Supervisor: Dr Siân Pooley
Childhood experiences of disability and specialist provision in England, c. 1918-1970.
My research examines the lived impact of state policy-making and institutionalised care practices for people growing up with disabilities in mid-twentieth-century England. During this period, specialist schooling and professional care was being developed for increasing numbers of children, identified as ‘handicapped’ or ‘defective’ by virtue of being beyond ‘normal provision’. Innovatively, my research seeks to tell this story of professionalization and institutionalisation from the perspectives of children themselves. My project will examine the lived experiences of children growing up in specialist institutions. I then combine this archival evidence with an oral history project which will explore people's experiences of transitioning into specialist institutions and residential schooling. Weaving together archival evidence and oral history testimonies, people’s reflections on how they thought of their identity – as disabled or otherwise – and how this changed across their life course will further reveal the impact of specialist provision.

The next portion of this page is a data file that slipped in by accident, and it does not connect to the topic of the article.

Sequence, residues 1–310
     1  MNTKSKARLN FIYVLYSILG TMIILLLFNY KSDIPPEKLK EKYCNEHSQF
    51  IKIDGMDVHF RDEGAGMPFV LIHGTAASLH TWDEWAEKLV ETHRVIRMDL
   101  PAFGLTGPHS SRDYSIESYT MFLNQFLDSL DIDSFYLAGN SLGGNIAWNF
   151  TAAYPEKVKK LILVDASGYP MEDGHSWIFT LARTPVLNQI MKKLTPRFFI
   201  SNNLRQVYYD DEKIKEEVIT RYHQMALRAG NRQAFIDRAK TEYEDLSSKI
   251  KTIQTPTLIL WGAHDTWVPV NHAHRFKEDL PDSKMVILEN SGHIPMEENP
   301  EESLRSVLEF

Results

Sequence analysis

My project is funded by the Calleva Foundation and forms part of the collaborative and interdisciplinary research project: 'Changing Lives: childhood experience, cumulative risk, and supportive environments across the life course'.
Before starting my DPhil I completed a funded MSt in British and European History at Oxford.
A short piece for the History @ Oxford blog about studying with disabilities: https://www.history.ox.ac.uk/article/sam-mccormack#/
A short piece about a small section of my research, written as part of my role as a Graduate Outreach Tutor: https://www.history.ox.ac.uk/children-challenging-educational-inequality...